The British Generic Manufacturers Association (BGMA) has raised concerns over the rise in the VPAS rate for 2023 to 26.5 per cent.
The Department of Health Social Care (DHSC) today announced that the 2019 voluntary scheme payment percentage for 2023 will be 26.5%. The 2019 voluntary scheme for branded medicines pricing and access is an agreement between the Department of Health and Social Care, NHS England and the Association of the British Pharmaceutical Industry.
BGMA believes that the high VPAS tax for 2023 risks more medicines shortages, rising prices for the NHS via reduced competition, and new medicine launches to the UK being deferred.
Mark Samuels, Chief Executive of BGMA, said: “Raising the VPAS tax to 26.5% will damage the UK’s medicines supply because it will make some products lossmaking. It is more than a five-fold tax increase from 2021, and no industry can cope with this unpredictable and exceptional tax volatility.
“The NHS runs on generic and biosimilar medicines, with four out of five prescriptions being filled by off-patent products. Despite the UK’s competitive market already delivering the lowest prices in Europe, regulation means branded generics and biosimilars are subsumed into the VPAS scheme.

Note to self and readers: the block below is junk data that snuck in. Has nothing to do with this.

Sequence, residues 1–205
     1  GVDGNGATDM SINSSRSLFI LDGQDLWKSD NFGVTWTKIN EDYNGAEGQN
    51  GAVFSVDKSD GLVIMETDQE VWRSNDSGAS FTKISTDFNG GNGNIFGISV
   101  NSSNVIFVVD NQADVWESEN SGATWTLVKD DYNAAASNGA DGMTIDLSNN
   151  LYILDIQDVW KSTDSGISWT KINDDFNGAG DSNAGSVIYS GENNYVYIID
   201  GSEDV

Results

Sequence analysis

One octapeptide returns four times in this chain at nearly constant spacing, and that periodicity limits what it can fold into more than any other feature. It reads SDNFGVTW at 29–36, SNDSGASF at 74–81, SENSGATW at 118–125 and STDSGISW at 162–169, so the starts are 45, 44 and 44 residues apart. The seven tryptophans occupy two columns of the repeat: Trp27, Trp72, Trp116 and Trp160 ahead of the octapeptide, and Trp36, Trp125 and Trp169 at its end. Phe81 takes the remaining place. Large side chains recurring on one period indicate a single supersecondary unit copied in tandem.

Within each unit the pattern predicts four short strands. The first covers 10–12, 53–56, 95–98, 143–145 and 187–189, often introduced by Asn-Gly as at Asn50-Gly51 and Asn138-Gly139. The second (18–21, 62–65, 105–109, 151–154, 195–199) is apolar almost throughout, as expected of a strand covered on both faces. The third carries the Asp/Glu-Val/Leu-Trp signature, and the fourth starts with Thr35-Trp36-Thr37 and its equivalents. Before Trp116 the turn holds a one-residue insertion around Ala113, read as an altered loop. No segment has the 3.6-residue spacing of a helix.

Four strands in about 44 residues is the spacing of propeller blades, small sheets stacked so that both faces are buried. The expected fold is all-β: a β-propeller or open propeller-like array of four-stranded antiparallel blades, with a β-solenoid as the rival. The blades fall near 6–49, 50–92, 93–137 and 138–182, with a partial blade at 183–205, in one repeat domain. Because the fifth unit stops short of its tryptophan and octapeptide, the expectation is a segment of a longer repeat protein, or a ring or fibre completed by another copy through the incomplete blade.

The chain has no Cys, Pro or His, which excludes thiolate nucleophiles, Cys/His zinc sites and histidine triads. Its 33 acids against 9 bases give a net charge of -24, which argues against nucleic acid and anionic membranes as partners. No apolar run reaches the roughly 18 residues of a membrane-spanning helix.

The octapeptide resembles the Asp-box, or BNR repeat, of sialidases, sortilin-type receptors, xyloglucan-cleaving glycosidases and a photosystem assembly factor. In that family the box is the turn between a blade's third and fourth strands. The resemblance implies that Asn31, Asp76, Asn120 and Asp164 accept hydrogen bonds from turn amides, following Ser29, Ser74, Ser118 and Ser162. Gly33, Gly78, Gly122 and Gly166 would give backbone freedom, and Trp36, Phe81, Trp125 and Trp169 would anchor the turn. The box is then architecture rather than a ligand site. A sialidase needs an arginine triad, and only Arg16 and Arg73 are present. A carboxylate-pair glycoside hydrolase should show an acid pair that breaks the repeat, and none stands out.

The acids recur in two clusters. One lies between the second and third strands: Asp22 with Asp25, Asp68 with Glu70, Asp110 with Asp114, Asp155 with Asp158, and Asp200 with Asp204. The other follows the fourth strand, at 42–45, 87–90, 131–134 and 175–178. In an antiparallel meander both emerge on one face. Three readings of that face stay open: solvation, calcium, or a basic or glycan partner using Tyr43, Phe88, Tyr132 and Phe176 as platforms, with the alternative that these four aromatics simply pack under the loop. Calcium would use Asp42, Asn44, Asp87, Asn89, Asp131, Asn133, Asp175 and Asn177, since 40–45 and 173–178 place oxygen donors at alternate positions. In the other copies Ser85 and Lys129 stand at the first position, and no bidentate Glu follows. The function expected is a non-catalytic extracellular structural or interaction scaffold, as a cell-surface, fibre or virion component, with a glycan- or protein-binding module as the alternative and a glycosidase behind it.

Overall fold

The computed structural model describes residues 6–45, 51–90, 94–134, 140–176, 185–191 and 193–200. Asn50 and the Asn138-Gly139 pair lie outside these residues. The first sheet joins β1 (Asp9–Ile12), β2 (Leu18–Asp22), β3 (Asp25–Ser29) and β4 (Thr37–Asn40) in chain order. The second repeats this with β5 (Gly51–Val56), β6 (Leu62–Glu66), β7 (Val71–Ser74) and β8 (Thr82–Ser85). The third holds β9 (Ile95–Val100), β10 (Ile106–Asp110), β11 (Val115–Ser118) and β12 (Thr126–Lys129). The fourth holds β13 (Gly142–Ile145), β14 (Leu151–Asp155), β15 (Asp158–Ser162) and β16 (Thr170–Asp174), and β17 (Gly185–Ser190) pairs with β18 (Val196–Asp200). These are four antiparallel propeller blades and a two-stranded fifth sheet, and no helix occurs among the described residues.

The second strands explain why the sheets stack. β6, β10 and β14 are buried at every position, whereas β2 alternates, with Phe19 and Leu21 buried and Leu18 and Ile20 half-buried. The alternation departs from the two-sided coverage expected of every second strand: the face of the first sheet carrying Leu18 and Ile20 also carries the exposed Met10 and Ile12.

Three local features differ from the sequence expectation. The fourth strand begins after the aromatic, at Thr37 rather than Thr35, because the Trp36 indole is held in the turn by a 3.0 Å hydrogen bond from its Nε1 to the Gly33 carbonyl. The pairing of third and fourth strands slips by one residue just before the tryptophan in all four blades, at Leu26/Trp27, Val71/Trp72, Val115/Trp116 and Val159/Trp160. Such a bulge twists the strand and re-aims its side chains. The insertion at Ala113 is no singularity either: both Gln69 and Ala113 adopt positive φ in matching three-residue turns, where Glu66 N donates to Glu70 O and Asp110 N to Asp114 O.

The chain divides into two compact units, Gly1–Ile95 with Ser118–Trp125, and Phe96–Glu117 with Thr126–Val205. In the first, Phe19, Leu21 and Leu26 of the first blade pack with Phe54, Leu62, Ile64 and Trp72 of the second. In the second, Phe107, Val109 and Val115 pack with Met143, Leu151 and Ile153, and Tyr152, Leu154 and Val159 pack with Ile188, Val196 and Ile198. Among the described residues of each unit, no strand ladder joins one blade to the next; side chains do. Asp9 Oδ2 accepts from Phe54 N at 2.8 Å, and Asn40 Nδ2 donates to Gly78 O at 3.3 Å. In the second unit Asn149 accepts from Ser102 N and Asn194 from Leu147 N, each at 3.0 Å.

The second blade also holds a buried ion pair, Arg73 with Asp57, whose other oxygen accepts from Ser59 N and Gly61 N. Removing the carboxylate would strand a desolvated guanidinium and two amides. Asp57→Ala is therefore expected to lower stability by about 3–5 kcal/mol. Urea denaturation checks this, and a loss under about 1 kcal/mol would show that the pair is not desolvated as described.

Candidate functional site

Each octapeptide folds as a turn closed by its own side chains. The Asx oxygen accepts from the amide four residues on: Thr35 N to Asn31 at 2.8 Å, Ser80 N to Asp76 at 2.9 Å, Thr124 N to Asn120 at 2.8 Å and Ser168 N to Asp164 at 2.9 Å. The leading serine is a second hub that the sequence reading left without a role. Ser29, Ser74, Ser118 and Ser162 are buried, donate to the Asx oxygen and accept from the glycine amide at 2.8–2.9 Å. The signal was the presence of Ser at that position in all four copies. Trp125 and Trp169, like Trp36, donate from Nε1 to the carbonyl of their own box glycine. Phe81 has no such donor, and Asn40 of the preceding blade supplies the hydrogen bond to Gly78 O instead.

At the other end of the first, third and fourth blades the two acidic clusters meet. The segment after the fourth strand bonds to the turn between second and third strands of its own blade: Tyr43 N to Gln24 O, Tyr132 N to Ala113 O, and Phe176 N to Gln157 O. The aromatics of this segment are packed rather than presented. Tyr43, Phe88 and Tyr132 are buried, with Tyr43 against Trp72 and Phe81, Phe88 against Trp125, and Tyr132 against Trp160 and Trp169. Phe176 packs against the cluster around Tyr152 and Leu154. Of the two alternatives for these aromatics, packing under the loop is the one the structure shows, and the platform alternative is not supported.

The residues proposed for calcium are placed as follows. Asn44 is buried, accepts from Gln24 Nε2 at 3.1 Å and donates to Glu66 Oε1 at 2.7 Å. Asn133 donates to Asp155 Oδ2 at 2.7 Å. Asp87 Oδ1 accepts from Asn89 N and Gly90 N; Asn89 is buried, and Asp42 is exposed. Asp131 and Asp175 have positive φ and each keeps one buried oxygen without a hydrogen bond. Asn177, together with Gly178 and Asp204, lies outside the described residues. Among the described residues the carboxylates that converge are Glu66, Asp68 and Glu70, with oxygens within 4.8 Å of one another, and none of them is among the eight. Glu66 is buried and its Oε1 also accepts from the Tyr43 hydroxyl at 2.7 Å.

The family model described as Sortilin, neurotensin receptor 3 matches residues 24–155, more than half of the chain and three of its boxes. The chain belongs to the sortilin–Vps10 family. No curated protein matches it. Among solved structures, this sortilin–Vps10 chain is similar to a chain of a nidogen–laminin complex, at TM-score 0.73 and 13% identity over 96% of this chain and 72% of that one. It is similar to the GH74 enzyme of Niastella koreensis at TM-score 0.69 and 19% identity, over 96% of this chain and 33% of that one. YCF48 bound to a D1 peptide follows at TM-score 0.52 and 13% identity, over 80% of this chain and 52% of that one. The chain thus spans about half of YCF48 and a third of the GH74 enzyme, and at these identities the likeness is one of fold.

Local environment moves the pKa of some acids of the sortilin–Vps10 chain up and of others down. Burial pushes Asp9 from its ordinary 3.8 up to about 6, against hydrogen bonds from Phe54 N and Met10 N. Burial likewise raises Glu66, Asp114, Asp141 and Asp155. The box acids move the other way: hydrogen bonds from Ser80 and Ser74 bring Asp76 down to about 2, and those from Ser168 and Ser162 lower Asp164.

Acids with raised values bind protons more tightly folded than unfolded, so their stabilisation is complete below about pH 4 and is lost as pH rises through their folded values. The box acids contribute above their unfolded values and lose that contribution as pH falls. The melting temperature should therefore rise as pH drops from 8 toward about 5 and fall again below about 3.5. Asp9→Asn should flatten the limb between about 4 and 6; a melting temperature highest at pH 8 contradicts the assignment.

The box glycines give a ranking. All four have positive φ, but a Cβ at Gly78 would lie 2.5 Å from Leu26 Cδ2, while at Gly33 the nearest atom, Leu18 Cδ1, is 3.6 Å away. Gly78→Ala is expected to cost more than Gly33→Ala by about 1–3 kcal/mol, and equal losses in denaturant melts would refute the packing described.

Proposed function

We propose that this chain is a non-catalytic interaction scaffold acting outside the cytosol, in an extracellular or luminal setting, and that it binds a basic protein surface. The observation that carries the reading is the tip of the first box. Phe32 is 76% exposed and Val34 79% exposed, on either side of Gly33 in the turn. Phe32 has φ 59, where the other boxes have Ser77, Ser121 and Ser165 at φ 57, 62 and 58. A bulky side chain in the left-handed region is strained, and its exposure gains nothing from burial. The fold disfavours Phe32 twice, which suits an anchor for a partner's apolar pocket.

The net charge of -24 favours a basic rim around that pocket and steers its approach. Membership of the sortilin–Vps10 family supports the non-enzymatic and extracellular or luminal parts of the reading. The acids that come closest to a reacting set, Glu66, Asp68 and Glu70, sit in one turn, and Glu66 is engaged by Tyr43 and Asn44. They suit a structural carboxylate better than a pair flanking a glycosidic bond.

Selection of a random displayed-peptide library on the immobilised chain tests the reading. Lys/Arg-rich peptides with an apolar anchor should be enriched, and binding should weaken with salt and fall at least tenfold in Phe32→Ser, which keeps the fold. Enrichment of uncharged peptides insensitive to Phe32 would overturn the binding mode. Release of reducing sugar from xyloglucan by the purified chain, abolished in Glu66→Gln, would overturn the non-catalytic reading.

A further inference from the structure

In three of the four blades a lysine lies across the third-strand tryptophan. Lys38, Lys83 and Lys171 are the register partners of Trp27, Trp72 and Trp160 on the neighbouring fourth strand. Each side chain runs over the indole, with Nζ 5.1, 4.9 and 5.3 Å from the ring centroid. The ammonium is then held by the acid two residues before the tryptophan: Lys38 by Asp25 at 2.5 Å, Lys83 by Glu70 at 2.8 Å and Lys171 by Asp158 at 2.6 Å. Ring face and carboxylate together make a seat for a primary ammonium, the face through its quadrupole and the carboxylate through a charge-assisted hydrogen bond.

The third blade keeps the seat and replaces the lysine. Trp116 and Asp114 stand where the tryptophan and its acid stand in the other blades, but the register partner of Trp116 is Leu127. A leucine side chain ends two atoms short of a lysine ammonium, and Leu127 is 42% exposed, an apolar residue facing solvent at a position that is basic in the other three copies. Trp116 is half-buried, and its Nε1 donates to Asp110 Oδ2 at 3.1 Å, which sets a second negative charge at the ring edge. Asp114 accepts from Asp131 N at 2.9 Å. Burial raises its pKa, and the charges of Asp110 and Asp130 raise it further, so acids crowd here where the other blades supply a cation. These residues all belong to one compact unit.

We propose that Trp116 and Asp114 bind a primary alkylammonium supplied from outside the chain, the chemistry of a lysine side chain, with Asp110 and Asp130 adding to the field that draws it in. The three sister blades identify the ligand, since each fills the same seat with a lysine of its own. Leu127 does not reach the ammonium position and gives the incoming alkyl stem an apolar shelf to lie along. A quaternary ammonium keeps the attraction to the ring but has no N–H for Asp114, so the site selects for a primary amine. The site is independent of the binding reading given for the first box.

He added: “It means manufacturers suffer a double-whammy – competition reduces prices by up to 90%, plus a now 26.5% VPAS tax on top. This situation is not economically sustainable. It makes some products lossmaking, forcing manufacturers to take very difficult decisions on which medicines they can supply.
“I am gravely concerned about this situation.”
“2023 will be the last year of the present 5-year scheme. The next 5-year branded medicines scheme, starting in 2024, will be negotiated from early next year. To support a sustainable long-term supply of medicines, it must recognize where competition is already working to provide the NHS with significant financial savings and better patient access.”